ELECTRICITY LOAD SHEDDING STYMIEING ECONOMIC GROWTH
INVOLVING PRIVATE SECTOR IN DISTRIBUTION AND TRANSMISSION
SHABBIR H. KAZMI
Jan 05 - 18, 2009
Electricity load shedding often extended beyond 12 hours a day has become the biggest hurdle in accelerating GDP growth rate. On top of prolonged outages persistent hike in electricity tariff is not only causing resentment among the consumers but also increasing electricity theft and non payment of dues, the main cause of rising circular debt.
Though, the policy makers still say that the country has the potential to export electricity, the reality is 12-16 hours load shedding. While the consumers are forced to meet the demand by installing stand-by generators, PEPCO is running a totally misleading campaign in print and electronic media that there would be no load shedding in 2009. Had this amount spent on this campaign spent on revamping generators and upgrading transmission and distribution system the overall situation would have improved certainly.
It may not be wrong to say that the ongoing power crises in the country for the last three decades is the outcome of misplaced priorities, incoherent policies and complete lack of the dynamics of the sector. In simplest word the cart has been put before the horse.
The sector experts have been saying for ages that there is no authentic data available regarding demand and supply of electricity, which does not allow proper planning. They are partly right and partly wrong. The haphazard growth of cities, improving life style of population and coverage of electricity theft under T&D losses certainly give distorted picture of demand and supply.
However, finding the facts is possible because of extensive use of computers for billing by the distribution companies. The basic unit accounting units should be the grid stations having record of number of units received and dispatched. The record certainly gives clue to rising demand and quantity of pilferage. In other words determining demand, supply and pilferage is very easy but vested interest groups, employees as well as the pilfers mislead the management, which is turn provides tempered data to the policy makers. The result is that duration of electricity load shedding is on the rise, consumers who pay their bills also pay for the pilferage.
Without going into too many details it could be said that electricity demand for KESC's franchised areas exceeds 4000MW (this includes the demand currently met by consumers having in-house power generation. As such KESC's record also substantiates that the current peak demand exceeds 2500MW, this is only the suppressed demand. If the utility approves all the pending applications for new connections, the demand may exceed the 4000MW. As against this KESC has an in-house power generation capacity of 1200MW and has to buy around the same quantum of electricity from WAPDA, IPPs etc.
The situation is worse in case of DISCOS because WAPDA has not only been failing in developing authentic data but its corrupt staff, subsidy for agriculture and politically driven new connection schemes have made it the worst managed entity. WAPDA's Power Wing was broken down into NTC, GENCOS and DISCOS and PECO was made their management company. The entities are there for about a decade but situation has gone from bad to worse. A white elephant has given birth to many offspring and the expenses have increased manifold but the basic objective of creating smaller manageable units could not be achieved.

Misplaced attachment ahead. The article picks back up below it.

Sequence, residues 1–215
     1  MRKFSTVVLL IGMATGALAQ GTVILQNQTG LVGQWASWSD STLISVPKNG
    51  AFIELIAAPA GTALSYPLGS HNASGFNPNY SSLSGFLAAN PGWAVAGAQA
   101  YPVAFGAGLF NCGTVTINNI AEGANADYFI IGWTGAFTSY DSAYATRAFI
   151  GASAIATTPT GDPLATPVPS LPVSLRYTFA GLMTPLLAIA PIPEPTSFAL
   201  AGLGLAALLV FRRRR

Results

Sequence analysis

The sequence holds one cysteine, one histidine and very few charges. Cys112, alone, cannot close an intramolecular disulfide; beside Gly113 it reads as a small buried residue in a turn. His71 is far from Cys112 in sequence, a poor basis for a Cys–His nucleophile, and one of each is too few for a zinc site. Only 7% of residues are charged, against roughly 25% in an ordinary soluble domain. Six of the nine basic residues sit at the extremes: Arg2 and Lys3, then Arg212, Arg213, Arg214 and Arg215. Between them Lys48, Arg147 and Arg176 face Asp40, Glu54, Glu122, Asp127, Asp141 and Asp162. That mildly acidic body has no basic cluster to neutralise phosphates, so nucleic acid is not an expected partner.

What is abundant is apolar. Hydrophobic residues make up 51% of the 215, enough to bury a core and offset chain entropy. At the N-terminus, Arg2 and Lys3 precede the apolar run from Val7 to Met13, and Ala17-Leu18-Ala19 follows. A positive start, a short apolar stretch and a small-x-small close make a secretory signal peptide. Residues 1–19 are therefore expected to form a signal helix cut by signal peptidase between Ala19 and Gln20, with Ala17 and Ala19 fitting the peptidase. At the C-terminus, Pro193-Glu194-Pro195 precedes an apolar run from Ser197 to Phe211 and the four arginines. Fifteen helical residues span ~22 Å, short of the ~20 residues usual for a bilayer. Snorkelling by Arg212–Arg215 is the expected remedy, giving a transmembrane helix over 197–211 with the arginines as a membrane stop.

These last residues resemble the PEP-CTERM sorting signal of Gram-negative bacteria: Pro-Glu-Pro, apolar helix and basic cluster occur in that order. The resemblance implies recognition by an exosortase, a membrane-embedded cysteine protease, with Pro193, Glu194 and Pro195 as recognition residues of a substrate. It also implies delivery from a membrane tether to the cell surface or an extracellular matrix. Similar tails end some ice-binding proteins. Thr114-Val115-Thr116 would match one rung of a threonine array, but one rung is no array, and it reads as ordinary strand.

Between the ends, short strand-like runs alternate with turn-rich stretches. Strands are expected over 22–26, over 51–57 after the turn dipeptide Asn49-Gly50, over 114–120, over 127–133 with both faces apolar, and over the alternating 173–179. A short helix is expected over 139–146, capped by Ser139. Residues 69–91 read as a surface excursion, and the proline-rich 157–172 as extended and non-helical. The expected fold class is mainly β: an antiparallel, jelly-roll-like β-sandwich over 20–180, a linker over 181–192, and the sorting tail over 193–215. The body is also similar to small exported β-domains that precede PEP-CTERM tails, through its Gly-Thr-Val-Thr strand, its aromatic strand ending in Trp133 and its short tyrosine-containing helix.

It is important to highlight a point which is being completely ignored, capital requirement for establishing additional 6000MW capacity. As a rule of thumb, the country needs US$6 billion but no one has the clue that how the funds would be mobilized. It must also be remembered that to revamp the transmission and distribution to carry this additional load another US$10 billion would be required.
Therefore, the government has to come up with a comprehensive Power Policy to convince the entrepreneurs to undertake this gigantic work, determine a mix of hydel and thermal power generation, selecting appropriate indigenous fuel and above all improving the cash flow of each entity to make its economically viable.
In the past government had committed two mistakes 1) offered bulk power purchase rate and 2) based all the IPPs on imported furnace oil. It also took the entire burden on its shoulders by offering all sorts of guarantees. It may be true that investors demand incentives and guarantees but they should not be given an opportunity to fleece the country and the consumers. In case of HUBCO the biggest beneficiary has been its sponsors and the shareholders receiving more than 30% return on investment annually. However, the blame could only go to the policy makers for this kind of handsome return. In case of KAPCO the biggest beneficiary is the government as it owns 60% shares of the company and gets at an average 35% dividend annually.
Another point to be kept in mind is ensuring higher share of hydel power in the total installed generation capacity. It yields two benefits: 1) development of more water reservoirs and 2) low cost power generation. Since hydel generation is dependent on water availability and may go down as low as 10-15% in winter sufficient thermal generation capacity has to be created to avoid shortage of electricity during this period. Developing this kind of mix will help in bringing down average cost of generation and provide ample time for the repair and maintenance of thermal power plants.
The 1994 Power Policy may have many odds but since then the country has not been able to attract any significant investment. This time the private sector has to be involved in all the three areas: generation, transmission and distribution. Ideally both the GENCOS and DICOS should be privatized at the earliest but now it is time to create distribution companies in the private sector.